Although the Fourth Amendment of the Constitution protects us from illegal searches and seizures, it left somewhat of a grey area when it came to electronic communications. With all the technological advances almost every person uses some kind of device to communicate electronically that goes out to the Internet. When using these devices to communicate information can be intercepted and even altered in some ways. Because of these advances in technology Congress has implemented laws to protect people from having information stolen or accessed illegally by individuals or even in some cases Law Enforcement.
In the advent of Computer Forensics, certain guidelines must be met before obtaining any information either by intercepting the transmission, securing the device or acquiring the information by means of remotely connecting into the device. Several laws have been implemented to protect a person’s rights with regards to accessing their electronically stored data. The Wire Tap Act is one of these laws. This law prohibits any interception of a communication between two private parties without an order issued by a court. Any violation of this Act will result in criminal or civil liability, and a violation by governmental officials in a case could result in a suppression of that evidence.
Both the Stored Wired and Electronic Communications Act, and the Pen Registers and Trap and Trace Devices Statute identify the need for protecting the privacy of individuals with regards to computers and the data within them. Initially this act was regarding phone numbers that an individual called, but since the implementation of the Patriot Act, I.P addresses can now be accessed along with emails ,communication ports, and what Web sites are being accessed from either your computer or cell phone. Investigators must obtain legal access to computers before obtaining any data from them. The case of Jamie Staley provided an example of how such an intrusion of computer privacy can in fact take place.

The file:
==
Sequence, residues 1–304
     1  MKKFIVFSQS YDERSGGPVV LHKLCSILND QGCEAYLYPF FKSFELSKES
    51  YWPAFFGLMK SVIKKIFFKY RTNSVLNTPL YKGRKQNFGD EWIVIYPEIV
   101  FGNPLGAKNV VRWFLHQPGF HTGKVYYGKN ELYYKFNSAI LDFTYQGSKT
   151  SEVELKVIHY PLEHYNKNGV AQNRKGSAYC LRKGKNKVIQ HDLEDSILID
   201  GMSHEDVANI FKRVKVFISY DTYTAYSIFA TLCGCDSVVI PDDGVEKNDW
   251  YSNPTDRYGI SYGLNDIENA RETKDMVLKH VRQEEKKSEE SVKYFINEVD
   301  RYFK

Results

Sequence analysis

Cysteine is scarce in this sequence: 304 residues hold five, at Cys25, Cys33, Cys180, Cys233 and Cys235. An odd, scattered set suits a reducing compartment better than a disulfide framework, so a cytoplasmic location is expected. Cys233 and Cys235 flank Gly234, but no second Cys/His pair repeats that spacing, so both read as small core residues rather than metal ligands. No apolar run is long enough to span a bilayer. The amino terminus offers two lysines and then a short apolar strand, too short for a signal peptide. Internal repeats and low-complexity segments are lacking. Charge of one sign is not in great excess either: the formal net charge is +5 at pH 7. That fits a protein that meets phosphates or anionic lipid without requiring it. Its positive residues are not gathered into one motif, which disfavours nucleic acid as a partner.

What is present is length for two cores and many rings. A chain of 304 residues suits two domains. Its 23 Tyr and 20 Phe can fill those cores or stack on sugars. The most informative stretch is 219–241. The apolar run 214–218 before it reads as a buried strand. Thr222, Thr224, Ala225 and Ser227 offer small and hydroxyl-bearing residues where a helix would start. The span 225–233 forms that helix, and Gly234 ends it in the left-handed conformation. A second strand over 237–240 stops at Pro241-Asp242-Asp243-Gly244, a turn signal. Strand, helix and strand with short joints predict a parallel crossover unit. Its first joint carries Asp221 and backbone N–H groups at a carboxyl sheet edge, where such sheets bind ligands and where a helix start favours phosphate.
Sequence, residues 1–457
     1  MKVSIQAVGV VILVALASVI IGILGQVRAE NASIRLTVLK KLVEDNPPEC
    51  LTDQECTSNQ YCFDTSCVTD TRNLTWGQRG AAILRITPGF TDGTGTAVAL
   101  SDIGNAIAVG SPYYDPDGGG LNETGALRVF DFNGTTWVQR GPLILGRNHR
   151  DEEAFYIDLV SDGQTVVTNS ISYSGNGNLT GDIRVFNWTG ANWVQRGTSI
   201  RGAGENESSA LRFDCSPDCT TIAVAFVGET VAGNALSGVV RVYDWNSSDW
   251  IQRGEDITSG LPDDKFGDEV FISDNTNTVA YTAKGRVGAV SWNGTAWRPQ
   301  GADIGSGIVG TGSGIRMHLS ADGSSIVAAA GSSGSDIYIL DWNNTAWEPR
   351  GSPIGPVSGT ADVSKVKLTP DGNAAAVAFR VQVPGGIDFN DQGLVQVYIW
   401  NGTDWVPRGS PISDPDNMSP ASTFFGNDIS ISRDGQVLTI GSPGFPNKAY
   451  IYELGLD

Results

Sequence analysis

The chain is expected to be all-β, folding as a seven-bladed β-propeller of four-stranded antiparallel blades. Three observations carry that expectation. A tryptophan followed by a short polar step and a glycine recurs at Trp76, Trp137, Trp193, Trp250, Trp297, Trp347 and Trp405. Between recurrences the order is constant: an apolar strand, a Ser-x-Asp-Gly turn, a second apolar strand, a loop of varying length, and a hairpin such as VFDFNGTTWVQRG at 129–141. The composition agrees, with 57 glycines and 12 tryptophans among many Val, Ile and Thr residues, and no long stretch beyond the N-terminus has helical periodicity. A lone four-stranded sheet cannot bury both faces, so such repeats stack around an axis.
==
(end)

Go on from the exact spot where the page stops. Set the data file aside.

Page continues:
This case involved the defendant Jamie Staley intercepting emails from members of her husband’s family with information pertaining to a bitter divorce and child custody battle. Through computer forensic analysis it was determined that in fact Jamie had intercepted and in some cases altered electronic transmissions made by her ex husband’s grandparents and their attorney. This was clearly a violation of the Attorney Client privilege and also the Wire Tap Act, which clearly stated that electronic data being transmitted cannot be intercepted by a third party.
An argument can also be made that the Stored Wired and Communications Act regarding accessing stored data had also been violated. When gathering evidence the individual who is responsible for the process has an obligation to obtain the data as accurately and responsibly as possible. Data must be collected both legally and proficiently, in order to protect the rights of the individuals being investigated. Both policies and procedures must be followed to protect the integrity, and reliability of the evidence being collected.
1. Stored Communications Act : http://en.wikipedia.org/wiki/Stored_Communications_Act
2. “Pen Registers” and “Trap and Trace Devices
3. Computer Security and Forensics Law Checklist: By Josh Wepman http://www.ehow.com/list_6746948_computer-security-forensics-law-checklist.html
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